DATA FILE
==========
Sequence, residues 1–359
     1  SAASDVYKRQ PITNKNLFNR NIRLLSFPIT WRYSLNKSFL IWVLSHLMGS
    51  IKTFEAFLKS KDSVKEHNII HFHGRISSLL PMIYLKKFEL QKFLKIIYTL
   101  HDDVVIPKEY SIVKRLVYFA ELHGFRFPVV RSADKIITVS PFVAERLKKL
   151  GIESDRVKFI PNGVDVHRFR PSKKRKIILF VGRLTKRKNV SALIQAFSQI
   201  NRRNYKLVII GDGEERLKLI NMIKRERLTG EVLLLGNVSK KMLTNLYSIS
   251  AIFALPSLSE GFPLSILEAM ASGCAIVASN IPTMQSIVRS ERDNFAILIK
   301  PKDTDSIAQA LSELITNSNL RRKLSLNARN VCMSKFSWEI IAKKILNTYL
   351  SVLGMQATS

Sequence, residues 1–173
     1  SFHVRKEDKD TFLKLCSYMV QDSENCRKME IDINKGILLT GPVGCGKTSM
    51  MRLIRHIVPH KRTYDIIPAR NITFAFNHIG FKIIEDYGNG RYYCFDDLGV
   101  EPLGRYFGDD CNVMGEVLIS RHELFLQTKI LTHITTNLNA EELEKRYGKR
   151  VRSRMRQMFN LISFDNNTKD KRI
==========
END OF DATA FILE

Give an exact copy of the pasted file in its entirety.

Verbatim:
Sequence, residues 1–359
     1  SAASDVYKRQ PITNKNLFNR NIRLLSFPIT WRYSLNKSFL IWVLSHLMGS
    51  IKTFEAFLKS KDSVKEHNII HFHGRISSLL PMIYLKKFEL QKFLKIIYTL
   101  HDDVVIPKEY SIVKRLVYFA ELHGFRFPVV RSADKIITVS PFVAERLKKL
   151  GIESDRVKFI PNGVDVHRFR PSKKRKIILF VGRLTKRKNV SALIQAFSQI
   201  NRRNYKLVII GDGEERLKLI NMIKRERLTG EVLLLGNVSK KMLTNLYSIS
   251  AIFALPSLSE GFPLSILEAM ASGCAIVASN IPTMQSIVRS ERDNFAILIK
   301  PKDTDSIAQA LSELITNSNL RRKLSLNARN VCMSKFSWEI IAKKILNTYL
   351  SVLGMQATS

Sequence, residues 1–173
     1  SFHVRKEDKD TFLKLCSYMV QDSENCRKME IDINKGILLT GPVGCGKTSM
    51  MRLIRHIVPH KRTYDIIPAR NITFAFNHIG FKIIEDYGNG RYYCFDDLGV
   101  EPLGRYFGDD CNVMGEVLIS RHELFLQTKI LTHITTNLNA EELEKRYGKR
   151  VRSRMRQMFN LISFDNNTKD KRI